University of Cambridge > > Biological Anthropology Seminar Series > The genetic history of Papua New Guinea: 50,000 years of independent human evolution

The genetic history of Papua New Guinea: 50,000 years of independent human evolution

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New Guinea stands out in studies of human diversity because of its linguistic richness, unique transition from hunting and gathering to food production and, in genetic analyses, for its lack of large-scale data. We have generated high-coverage whole-genome sequences from 39 individuals from Papua New Guinea (PNG) and genomewide SNP genotypes from 381, representing 85 language groups from both highland and lowland populations. Using these data, together with available datasets from other areas, we have investigated the genetic history of the region.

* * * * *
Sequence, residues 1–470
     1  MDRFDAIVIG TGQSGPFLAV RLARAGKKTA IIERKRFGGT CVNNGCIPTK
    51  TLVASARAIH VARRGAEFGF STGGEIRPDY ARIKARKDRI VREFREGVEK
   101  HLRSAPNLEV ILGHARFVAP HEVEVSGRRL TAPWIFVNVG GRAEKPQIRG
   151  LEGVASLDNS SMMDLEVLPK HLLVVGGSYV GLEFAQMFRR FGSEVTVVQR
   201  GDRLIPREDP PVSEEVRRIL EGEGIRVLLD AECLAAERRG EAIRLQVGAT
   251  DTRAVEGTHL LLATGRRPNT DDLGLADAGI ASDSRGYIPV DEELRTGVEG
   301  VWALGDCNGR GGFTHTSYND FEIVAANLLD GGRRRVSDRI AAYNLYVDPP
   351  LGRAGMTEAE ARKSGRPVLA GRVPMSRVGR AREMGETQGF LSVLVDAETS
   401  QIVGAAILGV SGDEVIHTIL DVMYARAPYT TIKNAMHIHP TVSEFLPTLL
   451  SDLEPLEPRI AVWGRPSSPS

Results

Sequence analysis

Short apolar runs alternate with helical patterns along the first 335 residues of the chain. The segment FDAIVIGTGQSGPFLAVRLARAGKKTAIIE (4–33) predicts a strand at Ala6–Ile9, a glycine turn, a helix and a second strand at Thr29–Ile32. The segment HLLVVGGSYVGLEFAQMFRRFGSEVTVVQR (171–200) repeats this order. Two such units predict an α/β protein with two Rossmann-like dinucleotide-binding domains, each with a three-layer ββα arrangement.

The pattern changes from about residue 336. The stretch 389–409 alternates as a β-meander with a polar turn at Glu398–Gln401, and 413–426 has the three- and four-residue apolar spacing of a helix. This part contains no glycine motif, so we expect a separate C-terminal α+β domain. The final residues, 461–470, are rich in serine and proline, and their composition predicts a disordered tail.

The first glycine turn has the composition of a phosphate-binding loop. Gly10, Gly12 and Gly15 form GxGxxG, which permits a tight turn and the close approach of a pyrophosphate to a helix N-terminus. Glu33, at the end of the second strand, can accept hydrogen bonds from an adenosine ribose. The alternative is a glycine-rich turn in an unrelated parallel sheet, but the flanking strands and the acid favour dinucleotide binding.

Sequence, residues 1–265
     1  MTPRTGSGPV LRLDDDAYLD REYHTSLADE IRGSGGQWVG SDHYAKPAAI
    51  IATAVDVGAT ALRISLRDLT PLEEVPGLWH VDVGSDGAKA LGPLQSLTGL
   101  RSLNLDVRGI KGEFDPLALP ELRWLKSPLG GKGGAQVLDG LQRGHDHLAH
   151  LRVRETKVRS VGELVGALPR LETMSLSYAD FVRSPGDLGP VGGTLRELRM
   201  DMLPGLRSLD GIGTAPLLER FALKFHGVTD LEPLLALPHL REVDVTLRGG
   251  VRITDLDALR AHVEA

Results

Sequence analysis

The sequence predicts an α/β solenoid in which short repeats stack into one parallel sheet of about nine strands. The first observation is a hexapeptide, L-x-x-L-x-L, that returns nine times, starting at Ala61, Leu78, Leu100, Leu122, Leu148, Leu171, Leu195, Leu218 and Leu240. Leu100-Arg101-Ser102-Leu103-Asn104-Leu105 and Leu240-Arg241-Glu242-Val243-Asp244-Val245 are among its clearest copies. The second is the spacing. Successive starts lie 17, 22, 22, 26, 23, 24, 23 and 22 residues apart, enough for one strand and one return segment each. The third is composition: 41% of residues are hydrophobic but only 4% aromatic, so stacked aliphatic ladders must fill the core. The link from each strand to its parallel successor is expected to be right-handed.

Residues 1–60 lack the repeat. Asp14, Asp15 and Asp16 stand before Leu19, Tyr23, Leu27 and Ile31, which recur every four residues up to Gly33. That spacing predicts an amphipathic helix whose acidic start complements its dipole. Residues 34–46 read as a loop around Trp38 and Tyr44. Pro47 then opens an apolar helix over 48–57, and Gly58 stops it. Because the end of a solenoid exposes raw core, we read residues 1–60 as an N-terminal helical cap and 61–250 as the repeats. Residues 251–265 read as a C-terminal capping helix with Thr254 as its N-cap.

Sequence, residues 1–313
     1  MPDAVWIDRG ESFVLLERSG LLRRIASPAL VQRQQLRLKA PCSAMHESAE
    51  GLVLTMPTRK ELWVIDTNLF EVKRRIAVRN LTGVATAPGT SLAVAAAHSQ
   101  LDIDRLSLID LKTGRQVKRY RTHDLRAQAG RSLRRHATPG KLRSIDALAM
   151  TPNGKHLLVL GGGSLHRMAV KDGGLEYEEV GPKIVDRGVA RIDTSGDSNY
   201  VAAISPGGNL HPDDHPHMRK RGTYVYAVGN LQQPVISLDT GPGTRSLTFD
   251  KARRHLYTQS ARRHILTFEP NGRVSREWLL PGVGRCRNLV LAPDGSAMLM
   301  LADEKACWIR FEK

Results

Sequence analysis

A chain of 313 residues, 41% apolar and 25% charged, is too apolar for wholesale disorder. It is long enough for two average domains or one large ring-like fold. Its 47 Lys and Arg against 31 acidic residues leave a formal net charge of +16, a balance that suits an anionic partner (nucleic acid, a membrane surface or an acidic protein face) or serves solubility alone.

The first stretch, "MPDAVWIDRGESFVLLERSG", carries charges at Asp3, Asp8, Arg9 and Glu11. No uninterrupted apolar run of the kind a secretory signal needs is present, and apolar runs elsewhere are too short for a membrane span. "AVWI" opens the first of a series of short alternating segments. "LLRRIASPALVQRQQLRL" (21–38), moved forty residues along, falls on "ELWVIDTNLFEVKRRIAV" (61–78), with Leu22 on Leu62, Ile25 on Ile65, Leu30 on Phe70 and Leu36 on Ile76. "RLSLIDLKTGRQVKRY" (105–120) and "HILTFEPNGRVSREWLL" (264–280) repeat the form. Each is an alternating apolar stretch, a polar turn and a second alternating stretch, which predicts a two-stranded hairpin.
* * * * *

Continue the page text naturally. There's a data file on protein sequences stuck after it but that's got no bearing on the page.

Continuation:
We find little evidence of admixture with external populations in the highlands, but substantial East Asian admixture in the lowlands, reflecting population expansions from Southeast Asia in the last few millennia, and excluded these components from subsequent analyses where appropriate. Genetic divergence between Asia and PNG dates back to around 50,000 years, indicating a long history of independent evolution. Within PNG , genetic differentiation is high, both between highlands and lowlands, and within each of these areas, exceeding levels typically seen between major populations within entire continents and mirroring the great linguistic and cultural diversity of the country. Yet the within-PNG differentiation appears to have a much more recent origin 20,000 years ago or less. Incorporating both genetic and non-genetic data, we propose a model where the present-day structure is dominated by a population expansion in the highlands from a single genetic source, starting in the early Holocene and potentially accompanied by the spread of the Trans-New Guinea language family and food production.

This talk is part of the Biological Anthropology Seminar Series series.

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